<b>Soldiers rerun desert battle of 1971 Indo-Pak war</b>

The desert reverberated with heavy artillery fire today as soldiers recreated one of the most decisive battles of the 1971 Indo-Pak war when a handful of 'faujis' took on a 2,500-strong advancing column.

Witness to the replay of the "Laungewala Epic" of December 5-6, 1971, was Defence Minister A K Antony on his first visit to this historic spot.

About 120 soldiers of Punjab Regiment's 23rd battalion held back the 51st Infantry Brigade and 22nd Armoured Regiment of the Pakistani army until the IAF flew in and repulsed the first major attack on Indian soil.

<b>Two Indian soldiers made the supreme sacrifice during the intense two-day battle which saw the Pakistani side lose over 100 soldiers and 37 tanks.

One Pak tank, battered and soot-covered, was on display during a 20-minute live presentation at the battlefield in Jaisalmer district, about 15 km from the border.</b>

Highlights of the battle rerun were an intercepted message in which a Pakistani soldier tells his superiors about the worsening situation and the killing of three Pakistani officers who had come to assess their strength.

It also recalled the emotionally charged address of Area Commander Maj Kuldeep Singh Chandpuri to his soldiers not to run away from the battle and to fight to the finish.

"If some wants to run away, they can do it now," he had said.

Antony suggested that the presentation be made available for the public.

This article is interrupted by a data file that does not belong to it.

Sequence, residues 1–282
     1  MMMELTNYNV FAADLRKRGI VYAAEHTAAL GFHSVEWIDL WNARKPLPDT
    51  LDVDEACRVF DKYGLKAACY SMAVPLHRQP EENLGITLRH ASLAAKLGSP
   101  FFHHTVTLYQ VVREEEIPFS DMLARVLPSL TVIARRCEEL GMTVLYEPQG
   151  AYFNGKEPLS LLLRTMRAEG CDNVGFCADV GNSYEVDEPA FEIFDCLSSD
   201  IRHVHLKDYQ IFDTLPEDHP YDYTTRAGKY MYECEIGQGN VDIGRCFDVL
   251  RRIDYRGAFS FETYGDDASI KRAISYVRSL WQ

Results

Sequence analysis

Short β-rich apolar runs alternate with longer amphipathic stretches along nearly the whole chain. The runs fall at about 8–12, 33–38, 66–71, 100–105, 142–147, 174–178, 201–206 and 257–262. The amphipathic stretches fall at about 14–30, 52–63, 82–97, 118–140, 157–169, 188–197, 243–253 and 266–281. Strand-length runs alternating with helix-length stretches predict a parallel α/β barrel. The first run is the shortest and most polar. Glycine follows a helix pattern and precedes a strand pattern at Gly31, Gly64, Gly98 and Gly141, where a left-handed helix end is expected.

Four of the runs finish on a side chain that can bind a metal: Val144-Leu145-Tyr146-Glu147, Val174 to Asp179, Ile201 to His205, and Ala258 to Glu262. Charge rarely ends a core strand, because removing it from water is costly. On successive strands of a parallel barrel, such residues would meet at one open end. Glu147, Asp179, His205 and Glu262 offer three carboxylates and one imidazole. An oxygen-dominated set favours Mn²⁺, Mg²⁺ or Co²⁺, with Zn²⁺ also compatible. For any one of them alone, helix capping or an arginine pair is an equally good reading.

<b>By sheer determination and dedication, a 100 soldiers under the valiant leadership of Maj Chandpuri were able to defeat a large segment of the Pakistani Army in 1971.</b>
Communist inspired article appeared on congress mouthpiece HT
Army lied to the nation on Laungewala, says air ace

Why now? what is the reason?
Pressure on Army to toe Moron Singh on J&K and nuke.?
Mudy such type of news are published in newspapers run by communists to discredit the armed forces or to create an impression that there is an infighting in the armed forces.

Communists always want to sabotage and malign state institutions like the armed forces so that there is no opposition to their chelas like the naxals when they try to violently take over the nation.

I hope you realize the situation and would delete the above post.
No need to delete, this is very serious issue. Congress is destroying judiciary and now Armed forces.
Is Sonia is sleeping with China now, we know Moron SIngh is in bed with Ford and Rockafellar foundation and Marx-UK.
This is very serious matter. Jaichands are running country and Indians are fools who are letting them run country.
Mudy i think you did not understand the point. The article is an plant by the commies to take potshots at the army. By posting such articles you are helping the commies. I hope atleast now you will do the needful by deleting the article link.
I know this is commie plant but question is timing and intention. We should understand media and establishment role.
Lot of people don't understand, even in this forum you can find Maoist cheerleader.
For discussing stories planted in Indian newspapers we have the Media In India/elsewhere -2 thread.

Wont it be better if we delete our previous posts and discuss the news about the army story in that thread?
<!--QuoteBegin-->QUOTE<!--QuoteEBegin--><b>India's defence spending falls below two per cent of GDP</b>

Mar 3, 2008

New Delhi, Mar 3 : For the first time in the last 10 years the defence spending will fall below two per cent of the Gross Domestic Product (GDP) due to fiscal pressures and larger allocations for farm, health and education sectors.

<b>The successive parliamentary committees on defence have recommended allocation to be raised to at least 3-3.5 per cent of the GDP if the armed forces are to rapidly modernise.

The outlay will fall short of the requirements if the programme for acquisition of modern aircraft for the Indian Air Force, new ships and submarines for the Indian Navy and new Artillery for the Army are to materialise.</b>